How a Dancer Raised to Believe Dance was a Sin Revolutionized the Artform

Every field has its revolutionaries – dance is no different. 

Martha Graham, along with Doris Humphrey, Charles Weidman, Hanya Holm, has been recognized a one of the 'big four' founders of American modern dance. For 70 years she dedicated her life to the art form, first as a performer and later as a choreographer. She ran a dance company and received numerous awards, including the Presidential Medal of Freedom, and National Medal of Arts. In 2015, Graham was posthumously inducted into the National Women's Hall of Fame.


Life threw her a curve ball early on: Graham was born into a religious family where dance was viewed as a sin – but she still found her way to it when she attended the performance of famous dancer Ruth Saint Denis. It was a day that changed her life. Since then Graham aspired to be a dancer. In 1913, she was allowed to enroll in the Cumnock School of Expression, an experimental college in Los Angeles. In following years, she studied at the Denishawn School; that was founded by Ruth Saint Denis and Ted Shawn.

At the beginning of the 20th century, dance belonged to entertainment; it was part of vaudevilles, fancy shows, and balls. Only a ballet had the status of high art. Graham did not want to be seen as a cabaret girl – she was an artist.

Gender stereotypes of the time implied that men were cerebral, and women were emotional. Therefore, in dance, men express themselves by inching and straight movements, while women swayed in a smooth motion, following curved trajectories. Graham broke this delineation, and stated that she did "not want to be a tree, a flower or a wave." In her dance, she withdrew from the standard view of femininity. She made her characters impersonal, strong, and even masculine. The movements based on the opposition between contraction and release were coined 'Graham technique', and now that technique is taught worldwide.

See the full collection of Martha Graham images on Picryl, the largest public domain search engine.

Antimicrobial resistance is a growing threat to good health and well-being

Antimicrobial resistance is growing worldwide, rendering many "work horse" medicines ineffective. Without intervention, drug-resistant pathogens could lead to millions of deaths by 2050. Thankfully, companies like Pfizer are taking action.

Image courtesy of Pfizer.
  • Antimicrobial-resistant pathogens are one of the largest threats to global health today.
  • As we get older, our immune systems age, increasing our risk of life threatening infections. Without reliable antibiotics, life expectancy could decline for the first time in modern history.
  • If antibiotics become ineffective, common infections could result in hospitalization or even death. Life-saving interventions like cancer treatments and organ transplantation would become more difficult, more often resulting in death. Routine procedures would become hard to perform.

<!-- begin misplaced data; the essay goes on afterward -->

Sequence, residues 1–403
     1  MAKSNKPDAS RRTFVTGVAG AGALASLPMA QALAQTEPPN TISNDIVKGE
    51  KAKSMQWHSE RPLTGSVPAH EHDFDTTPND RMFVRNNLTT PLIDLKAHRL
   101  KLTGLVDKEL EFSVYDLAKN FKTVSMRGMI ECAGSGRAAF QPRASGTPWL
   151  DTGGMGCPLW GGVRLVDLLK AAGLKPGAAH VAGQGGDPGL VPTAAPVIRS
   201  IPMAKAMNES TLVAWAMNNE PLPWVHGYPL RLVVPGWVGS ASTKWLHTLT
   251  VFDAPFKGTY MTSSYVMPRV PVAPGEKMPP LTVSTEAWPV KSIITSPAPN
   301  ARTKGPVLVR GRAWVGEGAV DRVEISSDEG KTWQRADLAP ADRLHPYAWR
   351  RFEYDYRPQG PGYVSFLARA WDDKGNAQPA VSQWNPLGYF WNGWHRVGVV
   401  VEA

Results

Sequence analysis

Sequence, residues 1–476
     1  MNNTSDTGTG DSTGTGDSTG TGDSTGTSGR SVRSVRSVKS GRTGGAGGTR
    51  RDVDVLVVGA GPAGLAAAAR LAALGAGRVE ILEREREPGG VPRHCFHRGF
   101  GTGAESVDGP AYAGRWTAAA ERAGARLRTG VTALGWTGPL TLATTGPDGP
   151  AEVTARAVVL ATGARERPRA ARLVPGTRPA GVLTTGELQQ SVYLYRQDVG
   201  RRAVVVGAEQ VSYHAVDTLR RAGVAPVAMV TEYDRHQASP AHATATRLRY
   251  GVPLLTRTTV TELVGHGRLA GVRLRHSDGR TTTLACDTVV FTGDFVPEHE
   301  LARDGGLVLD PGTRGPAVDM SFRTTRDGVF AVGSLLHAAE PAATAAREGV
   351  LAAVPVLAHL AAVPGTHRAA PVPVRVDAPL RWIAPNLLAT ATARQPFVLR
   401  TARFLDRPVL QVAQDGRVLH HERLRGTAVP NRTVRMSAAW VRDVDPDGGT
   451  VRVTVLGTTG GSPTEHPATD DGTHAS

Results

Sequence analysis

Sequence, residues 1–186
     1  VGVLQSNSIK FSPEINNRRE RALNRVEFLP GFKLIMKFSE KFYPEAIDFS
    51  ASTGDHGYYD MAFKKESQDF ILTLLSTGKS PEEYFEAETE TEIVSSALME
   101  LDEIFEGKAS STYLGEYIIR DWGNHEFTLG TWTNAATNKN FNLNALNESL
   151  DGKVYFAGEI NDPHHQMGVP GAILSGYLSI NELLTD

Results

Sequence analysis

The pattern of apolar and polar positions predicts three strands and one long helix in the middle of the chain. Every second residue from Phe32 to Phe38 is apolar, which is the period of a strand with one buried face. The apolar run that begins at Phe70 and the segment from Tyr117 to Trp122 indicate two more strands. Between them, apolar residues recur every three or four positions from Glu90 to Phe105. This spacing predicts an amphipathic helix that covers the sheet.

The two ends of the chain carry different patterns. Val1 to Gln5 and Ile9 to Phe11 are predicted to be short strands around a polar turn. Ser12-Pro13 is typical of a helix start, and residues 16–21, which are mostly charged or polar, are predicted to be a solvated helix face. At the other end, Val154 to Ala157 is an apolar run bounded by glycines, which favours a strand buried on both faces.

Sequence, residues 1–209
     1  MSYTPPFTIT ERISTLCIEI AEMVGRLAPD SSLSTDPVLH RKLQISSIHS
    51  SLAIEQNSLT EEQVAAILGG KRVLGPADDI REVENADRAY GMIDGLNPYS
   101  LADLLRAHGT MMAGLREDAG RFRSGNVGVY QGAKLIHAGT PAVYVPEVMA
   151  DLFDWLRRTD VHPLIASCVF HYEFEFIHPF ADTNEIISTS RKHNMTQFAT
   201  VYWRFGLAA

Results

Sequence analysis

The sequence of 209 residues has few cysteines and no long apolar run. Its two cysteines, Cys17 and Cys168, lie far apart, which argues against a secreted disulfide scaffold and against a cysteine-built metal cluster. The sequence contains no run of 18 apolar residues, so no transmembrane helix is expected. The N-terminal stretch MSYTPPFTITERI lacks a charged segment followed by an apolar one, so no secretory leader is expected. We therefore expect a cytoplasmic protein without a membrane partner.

• Without intervention, resistant pathogens could result in 10 million annual deaths by 2050.
  • By taking a multi-faceted approach—inclusive of adherence to good stewardship, surveillance and responsible manufacturing practices, as well as an emphasis on prevention and treatment—companies like Pfizer are fighting to help curb the spread.
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22 months of war - condensed in a 1-minute video

No, the Syrian civil war is not over. But it might be soon. Time for a recap

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  • The War in Syria has dropped off the radar, but it's not over (yet)
  • This 1-minute video shows how the fronts have moved – and stabilised – over the past 22 months
  • Watching this video may leave you both better informed, and slightly queasy: does war need a generic rock soundtrack?
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Bespoke suicide pods now available for death in style

Sarco assisted suicide pods come in three different styles, and allow you to die quickly and painlessly. They're even quite beautiful to look at.

The Sarco assisted suicide pod
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Death: it happens to everyone (except, apparently, Keanu Reeves). But while the impoverished and lower-class people of the world die in the same ol' ways—cancer, heart disease, and so forth—the upper classes can choose hip and cool new ways to die. Now, there's an assisted-suicide pod so chic and so stylin' that peeps (young people still say peeps, right?) are calling it the "Tesla" of death... it's called... the Sarco! 

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How to bring more confidence to your conversations

Entrepreneur and author Andrew Horn shares his rules for becoming an assured conversationalist.

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  • To avoid basing action on external validation, you need to find your "authentic voice" and use it.
  • Finding your voice requires asking the right questions of yourself.
  • There are 3-5 questions that you would generally want to ask people you are talking to.
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